See also: History of Corn; Corn Trivia;
Corn Quotes; Corn Recipes
(Vegetables) Because of its high protein and carbohydrate content, corn has been an important nutritional resource for thousands of years. Corn can be traced back to Mexican or central American cultures as early as 3400 B.C., and has become a staple among Native American civilizations throughout the Western Hemisphere. Today, corn has less starch and is sweeter. The sweetness accounts for its popularity among Americans. Americans consume about 25 pounds of corn per person annually, most of which is frozen or canned. A good thing about corn is that frozen and canned corn has about the same nutritional value as fresh corn. So, for the many Americans who are not able to get fresh corn, they can still enjoy frozen or canned for nearly the same nutritional value as fresh corn.
There are more than two hundred varieties of corn. All are good sources of vitamin C, but only yellow kernels contain small amounts of vitamin A in the form of beta carotene.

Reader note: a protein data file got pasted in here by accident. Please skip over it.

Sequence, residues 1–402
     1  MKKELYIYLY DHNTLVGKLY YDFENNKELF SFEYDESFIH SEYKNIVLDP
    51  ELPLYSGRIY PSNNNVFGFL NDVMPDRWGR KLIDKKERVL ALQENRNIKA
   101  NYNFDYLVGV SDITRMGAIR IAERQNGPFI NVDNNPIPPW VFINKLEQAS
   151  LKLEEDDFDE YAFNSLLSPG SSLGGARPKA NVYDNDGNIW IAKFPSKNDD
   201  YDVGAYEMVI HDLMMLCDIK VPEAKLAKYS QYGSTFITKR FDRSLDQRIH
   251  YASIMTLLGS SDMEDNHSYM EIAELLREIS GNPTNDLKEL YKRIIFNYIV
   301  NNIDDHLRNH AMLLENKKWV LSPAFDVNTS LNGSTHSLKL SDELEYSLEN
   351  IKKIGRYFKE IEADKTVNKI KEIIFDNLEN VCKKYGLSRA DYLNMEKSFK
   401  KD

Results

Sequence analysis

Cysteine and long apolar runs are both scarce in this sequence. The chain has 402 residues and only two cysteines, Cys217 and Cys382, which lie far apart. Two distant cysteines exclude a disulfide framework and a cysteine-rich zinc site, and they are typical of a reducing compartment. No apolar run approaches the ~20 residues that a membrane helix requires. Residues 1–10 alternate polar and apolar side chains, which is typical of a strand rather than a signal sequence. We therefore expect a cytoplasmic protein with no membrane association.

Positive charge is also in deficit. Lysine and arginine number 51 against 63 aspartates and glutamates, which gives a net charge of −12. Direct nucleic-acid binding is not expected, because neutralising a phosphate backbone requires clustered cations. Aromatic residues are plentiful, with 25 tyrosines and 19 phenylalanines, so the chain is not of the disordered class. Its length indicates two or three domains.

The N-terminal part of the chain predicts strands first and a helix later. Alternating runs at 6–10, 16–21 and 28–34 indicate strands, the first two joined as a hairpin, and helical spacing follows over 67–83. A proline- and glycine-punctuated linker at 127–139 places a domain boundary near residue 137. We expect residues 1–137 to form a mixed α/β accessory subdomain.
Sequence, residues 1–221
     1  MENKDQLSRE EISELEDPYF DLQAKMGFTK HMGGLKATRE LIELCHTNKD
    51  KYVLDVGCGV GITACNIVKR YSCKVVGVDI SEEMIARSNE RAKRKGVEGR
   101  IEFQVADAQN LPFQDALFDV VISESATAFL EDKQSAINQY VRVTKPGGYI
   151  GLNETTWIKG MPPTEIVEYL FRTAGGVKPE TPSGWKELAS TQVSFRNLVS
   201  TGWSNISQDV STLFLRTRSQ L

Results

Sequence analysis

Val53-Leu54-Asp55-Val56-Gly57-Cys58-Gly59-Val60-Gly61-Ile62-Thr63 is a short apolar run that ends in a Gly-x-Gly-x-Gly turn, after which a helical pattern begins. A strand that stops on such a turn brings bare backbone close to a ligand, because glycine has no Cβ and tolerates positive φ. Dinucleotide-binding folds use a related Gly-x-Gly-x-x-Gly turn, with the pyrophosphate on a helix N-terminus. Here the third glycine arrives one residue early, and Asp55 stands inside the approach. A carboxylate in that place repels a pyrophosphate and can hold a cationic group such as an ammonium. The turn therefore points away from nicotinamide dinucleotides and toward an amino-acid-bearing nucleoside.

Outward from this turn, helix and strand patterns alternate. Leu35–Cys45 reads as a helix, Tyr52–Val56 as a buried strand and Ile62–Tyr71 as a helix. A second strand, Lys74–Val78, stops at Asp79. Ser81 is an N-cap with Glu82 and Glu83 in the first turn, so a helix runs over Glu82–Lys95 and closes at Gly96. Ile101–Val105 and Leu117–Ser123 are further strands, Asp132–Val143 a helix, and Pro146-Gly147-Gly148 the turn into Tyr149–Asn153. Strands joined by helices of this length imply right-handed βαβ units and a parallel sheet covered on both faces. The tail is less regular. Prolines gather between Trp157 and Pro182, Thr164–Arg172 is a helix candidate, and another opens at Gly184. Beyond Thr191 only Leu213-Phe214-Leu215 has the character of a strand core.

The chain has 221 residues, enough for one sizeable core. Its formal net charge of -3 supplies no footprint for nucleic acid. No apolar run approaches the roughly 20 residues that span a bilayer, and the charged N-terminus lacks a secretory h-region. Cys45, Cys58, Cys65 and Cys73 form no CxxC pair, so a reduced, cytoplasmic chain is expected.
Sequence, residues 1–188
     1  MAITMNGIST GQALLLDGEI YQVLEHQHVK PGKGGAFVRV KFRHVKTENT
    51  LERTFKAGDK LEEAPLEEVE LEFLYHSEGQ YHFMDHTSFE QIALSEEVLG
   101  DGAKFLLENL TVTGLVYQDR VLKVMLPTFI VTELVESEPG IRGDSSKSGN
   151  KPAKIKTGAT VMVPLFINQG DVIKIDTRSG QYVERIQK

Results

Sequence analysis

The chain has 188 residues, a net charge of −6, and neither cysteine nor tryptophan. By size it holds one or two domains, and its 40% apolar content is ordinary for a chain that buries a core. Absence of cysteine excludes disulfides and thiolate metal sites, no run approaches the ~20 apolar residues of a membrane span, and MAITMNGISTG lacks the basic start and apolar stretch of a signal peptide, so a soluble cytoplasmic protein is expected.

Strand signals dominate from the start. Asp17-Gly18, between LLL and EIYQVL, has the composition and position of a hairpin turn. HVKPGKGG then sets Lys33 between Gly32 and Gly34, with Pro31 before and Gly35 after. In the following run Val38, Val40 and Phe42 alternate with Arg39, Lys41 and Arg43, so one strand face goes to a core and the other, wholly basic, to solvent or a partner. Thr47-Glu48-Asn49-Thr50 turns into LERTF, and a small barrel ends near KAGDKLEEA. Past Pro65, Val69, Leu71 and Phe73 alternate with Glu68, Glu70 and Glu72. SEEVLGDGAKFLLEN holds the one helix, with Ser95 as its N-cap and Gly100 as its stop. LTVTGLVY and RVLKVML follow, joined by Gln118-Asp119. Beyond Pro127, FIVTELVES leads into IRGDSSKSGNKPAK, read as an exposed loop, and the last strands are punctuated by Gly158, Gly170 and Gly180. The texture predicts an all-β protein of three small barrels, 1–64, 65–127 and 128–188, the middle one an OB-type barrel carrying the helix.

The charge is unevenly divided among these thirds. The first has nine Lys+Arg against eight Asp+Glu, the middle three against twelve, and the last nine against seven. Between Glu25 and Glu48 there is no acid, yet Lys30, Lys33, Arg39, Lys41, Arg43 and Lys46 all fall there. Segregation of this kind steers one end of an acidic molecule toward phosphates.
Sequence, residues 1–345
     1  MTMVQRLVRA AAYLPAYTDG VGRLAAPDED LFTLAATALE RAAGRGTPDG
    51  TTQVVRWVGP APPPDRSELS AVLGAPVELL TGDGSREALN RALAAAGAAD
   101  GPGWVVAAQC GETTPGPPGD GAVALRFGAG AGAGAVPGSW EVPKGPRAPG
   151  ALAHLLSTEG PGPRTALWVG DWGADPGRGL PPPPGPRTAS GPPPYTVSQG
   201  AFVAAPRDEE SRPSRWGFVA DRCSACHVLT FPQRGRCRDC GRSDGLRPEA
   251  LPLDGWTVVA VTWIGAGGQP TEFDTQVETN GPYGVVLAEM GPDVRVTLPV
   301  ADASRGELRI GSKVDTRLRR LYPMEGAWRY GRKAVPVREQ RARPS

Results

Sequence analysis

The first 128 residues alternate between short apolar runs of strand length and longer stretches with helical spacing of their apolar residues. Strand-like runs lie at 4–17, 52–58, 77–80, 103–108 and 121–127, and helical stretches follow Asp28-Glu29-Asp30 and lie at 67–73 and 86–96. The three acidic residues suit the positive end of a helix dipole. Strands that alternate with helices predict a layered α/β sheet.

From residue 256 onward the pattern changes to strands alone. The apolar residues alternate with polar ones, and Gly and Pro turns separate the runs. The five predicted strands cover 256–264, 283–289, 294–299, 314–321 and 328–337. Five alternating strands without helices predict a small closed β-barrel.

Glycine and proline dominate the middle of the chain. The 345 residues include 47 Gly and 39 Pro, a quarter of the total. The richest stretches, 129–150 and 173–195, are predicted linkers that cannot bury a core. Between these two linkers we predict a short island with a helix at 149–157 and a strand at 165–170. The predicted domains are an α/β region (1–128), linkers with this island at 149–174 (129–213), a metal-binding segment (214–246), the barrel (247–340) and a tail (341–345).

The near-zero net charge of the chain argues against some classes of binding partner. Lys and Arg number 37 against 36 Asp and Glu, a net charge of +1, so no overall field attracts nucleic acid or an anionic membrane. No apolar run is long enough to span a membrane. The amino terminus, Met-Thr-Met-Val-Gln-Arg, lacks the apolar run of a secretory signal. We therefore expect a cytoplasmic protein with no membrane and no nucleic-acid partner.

How to Select
Make sure the husks are green, tight and fresh looking. Pull the husk open to make sure that the ear contains tightly packed rows of plump kernels. The kernels should be smaller at the tip of each ear. Large kernels at the tip is a sign of overmaturity. If you pinch a kernel, milky juice should spurt out. Corn should be stored in a cool area. Warmth causes the sugar content of corn to be converted into starch. This process will cause the ears to become less sweet.
If the corn is not cooked shortly after it is purchased, then it should be stored in refrigerator. Refrigeration helps the corn retain its sugar and vitamin C content. If you buy unhusked corn, keep it in its husk until you are ready to cook it. This will help the corn retain its moisture content. To fully enjoy the great taste of sweet corn, cook it as soon as possible. The sooner the better is a good "rule of thumb."
Make Corn Part of Your 5 A Day Plan
* Grilled corn is a tasty summer treat. Grill it with the husk still on to retain flavor. Instead of using margarine, butter, or salt on your corn, try fresh herbs, light dressings, and or lemon.
* Corn kernels are a great addition when mixed with other vegetables.
* Try adding corn to your favorite vegetable soups, in rice to add color, or in tossed salads.